md5 get_svn #MD5 digest implementation

    cl-base64 get_svn #Base64 encoder/decoder

    clsql get_svn #database interface Library

    rt get_svn #regression test driver

    Thanks for your help, I haven’t progressed through step 5 so I might well have more questions.

  6. Hi again smitty, glad to see you managed to solve that issue. I think i’ll drop a line to clbuild’s maintainers (if i can find their addresses) and let them know of this problem. I’m not sure how many people rely on clbuild but this should be affecting several others.

    If you have more questions i’ll be glad to help out (if i’m able to because i’m not an advanced Common Lisp user).

  7. Alright, first off there is a bit of an error in the post of the start-hunchentoot script, it seems to depend on monitor resolution but not all the code is displayed in the browser… which gave me a few problems because i copied and pasted without paying enough attention 😉

    After I fixed that things worked much better, hunchentoot actually shows up in the browser and such, but now I am having trouble with getting into a remote REPL in emacs. When ever I use M-x slime-connect,, 4005 I get this error:

    make client process failed: connection refused, :name, SLIME Lisp, :buffer, nil\
    , :host,, :service, 4005

    Got any idea what’s going on?

  8. Hi smitty, first off you’re right, i should have already fixed the blog theme, it’s quite messed 😛

    About the error you’re getting, i sometimes get that error when connecting to my remote Lisp process if i forget to first create (and leave open) an SSH tunnel. Please check that you have successfully run something like:

    $ ssh -L 4005: _user_@_remote_box_

    and that process is actually left running.

    Basically this opens an SSH connection to _remote_box_ as _user_ and sets everything in a way that all the data sent to your local machine port 4005 will be sent to _remote_box_, Your Lisp process will then see that data as coming from (locally on the remote server) on port 4006 (which was the port i setup swank on).

    Hope this helps a bit, sorry if my explanation of SSH tunneling is not so good…

  9. First, thank you for this guide, it’s the only I have found for this process!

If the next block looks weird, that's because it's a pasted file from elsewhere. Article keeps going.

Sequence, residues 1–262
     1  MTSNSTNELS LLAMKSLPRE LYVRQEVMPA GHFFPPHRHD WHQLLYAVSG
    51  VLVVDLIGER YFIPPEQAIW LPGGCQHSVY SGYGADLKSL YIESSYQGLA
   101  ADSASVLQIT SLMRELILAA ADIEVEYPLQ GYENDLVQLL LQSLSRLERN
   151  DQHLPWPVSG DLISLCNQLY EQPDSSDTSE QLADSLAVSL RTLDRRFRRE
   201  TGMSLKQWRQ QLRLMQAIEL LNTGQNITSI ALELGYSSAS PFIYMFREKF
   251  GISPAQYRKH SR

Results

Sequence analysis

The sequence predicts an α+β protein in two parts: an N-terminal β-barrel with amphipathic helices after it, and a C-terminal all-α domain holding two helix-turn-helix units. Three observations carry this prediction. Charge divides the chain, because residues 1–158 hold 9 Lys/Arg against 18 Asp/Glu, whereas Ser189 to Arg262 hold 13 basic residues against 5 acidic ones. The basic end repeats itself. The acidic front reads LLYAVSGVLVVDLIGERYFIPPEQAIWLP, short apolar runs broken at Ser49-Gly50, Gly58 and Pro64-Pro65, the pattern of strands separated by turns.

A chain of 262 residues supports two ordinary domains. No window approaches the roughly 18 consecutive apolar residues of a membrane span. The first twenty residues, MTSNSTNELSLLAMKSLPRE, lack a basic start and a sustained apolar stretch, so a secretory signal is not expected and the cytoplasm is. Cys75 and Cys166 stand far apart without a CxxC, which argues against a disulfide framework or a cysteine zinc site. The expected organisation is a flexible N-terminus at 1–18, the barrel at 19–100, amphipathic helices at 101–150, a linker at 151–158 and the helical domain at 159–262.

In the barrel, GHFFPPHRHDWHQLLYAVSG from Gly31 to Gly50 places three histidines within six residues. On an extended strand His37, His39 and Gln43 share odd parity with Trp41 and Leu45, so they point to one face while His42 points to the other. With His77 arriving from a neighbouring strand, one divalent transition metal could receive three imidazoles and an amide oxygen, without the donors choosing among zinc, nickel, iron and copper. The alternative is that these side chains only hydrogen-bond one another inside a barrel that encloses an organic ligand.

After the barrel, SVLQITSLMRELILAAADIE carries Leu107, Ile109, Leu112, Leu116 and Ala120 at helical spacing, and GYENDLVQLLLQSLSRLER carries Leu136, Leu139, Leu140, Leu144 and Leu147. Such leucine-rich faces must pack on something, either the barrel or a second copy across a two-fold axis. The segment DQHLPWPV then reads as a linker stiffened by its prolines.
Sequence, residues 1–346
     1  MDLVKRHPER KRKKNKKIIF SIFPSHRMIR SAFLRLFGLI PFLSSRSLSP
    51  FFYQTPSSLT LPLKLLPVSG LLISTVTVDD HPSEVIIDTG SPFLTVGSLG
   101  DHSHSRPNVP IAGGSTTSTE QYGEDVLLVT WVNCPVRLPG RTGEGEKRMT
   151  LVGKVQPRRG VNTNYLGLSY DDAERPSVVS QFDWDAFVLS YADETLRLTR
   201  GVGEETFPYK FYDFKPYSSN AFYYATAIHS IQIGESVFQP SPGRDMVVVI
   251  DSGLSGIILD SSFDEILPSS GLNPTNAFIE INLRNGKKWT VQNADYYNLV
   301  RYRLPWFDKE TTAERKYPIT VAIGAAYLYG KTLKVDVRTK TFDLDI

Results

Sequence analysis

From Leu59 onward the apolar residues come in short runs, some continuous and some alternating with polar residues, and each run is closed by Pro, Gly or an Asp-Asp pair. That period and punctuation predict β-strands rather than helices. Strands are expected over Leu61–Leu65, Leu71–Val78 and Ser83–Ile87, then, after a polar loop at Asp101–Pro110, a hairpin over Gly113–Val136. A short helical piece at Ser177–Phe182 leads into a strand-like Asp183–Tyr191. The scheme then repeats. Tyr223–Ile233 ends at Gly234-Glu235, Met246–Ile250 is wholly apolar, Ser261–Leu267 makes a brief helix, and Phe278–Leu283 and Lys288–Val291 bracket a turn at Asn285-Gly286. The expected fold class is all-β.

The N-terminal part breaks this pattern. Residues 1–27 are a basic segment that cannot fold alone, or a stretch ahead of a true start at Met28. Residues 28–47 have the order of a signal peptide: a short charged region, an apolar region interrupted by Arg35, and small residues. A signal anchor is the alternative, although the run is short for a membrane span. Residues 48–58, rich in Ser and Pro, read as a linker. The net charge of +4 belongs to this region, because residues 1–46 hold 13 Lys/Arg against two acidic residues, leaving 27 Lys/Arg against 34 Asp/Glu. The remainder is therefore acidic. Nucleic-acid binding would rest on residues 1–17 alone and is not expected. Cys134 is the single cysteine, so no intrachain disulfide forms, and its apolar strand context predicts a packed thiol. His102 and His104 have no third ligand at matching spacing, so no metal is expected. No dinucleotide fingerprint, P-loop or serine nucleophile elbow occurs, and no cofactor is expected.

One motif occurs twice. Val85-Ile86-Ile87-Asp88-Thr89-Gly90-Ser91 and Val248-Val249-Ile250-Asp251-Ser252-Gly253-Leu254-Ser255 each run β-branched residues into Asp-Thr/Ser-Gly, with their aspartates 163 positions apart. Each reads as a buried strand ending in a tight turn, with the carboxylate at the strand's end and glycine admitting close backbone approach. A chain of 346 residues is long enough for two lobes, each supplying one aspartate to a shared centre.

There are two things I don’t understand, and simply ignored last time I followed it:

    * the adduser line.
    I can’t get it to work. adduser doesn’t understand –system here but tries to create a user called “–system”. useradd however knows “–system”, but not –disabled-password! I can’t find any clues about creating a password-less user. Any advice? This is on Arch Linux, why would it work differently?

    * the . /lib/lsb line in the init-script.
    What is it for? It’s not mentioned in the guide. I don’t have that folder, is it something Ubuntu-specific? Should I just remove that line?

    Again, great guide, wish there were more like it.

  10. Hi maomao,

    As you have realized this post is quite old and also ubuntu specific. I expect most of it can be reused on other distros with minor changes. So,

    1) You can try using useradd command instead since adduser is a wrapper script and the behavior varies from distro to distro. My advice is that you consult the man page for useradd, try the following on the console:

    $ man useradd

    2) the line you mention is a ubuntu specific file that contains some common functions for init-scripts. I believe the only function from these that I use in my script is status_of_proc in hunchentoot_status()

    I believe archlinux provides the file /etc/rc.d/functions that has a similar purpose but with different syntax.

    Sorry but I’m not experienced enough in archlinux to provide much valuable help in porting the script to archlinux.

  11. Thank you for your , I got it to work now!
    Some conclusions:
    * –disabled-password disables login by password, which isn’t really important, but it can be done in Arch Linux by commenting out some lines around 388 in /usr/sbin/useradd.
    * the status_of_proc line, I just commented it out for now, don’t really need it.
    * “detachtty” works from the shell, but needed full path in the script to run.
    * Not sure what the benefit of using clbuild is, I use sbcl in the init-script instead.
    * (declare (ignore addr port)) in the multiple-value-bind prevents lots of warning text in the
    dribble file.
    * hunchentoot:stop can be uncommented, works fine for me.

    Again, thanks. 🙂

    1. Hi, I’m glad you managed to get it working and thanks for the update.
      Regarding your question about using clbuild at the time I was using clbuild to build sbcl and at that time it also provided a nice way of maintaining libraries updated. Remember these were the times before we all had ASDF 2 and Quicklisp.
      Regarding the line with the commented hunchentoot:stop, this was a problem with the specific hunchentoot version from clbuild at the time I wrote the article. Everything seems to work nicely without the comment with more recent versions.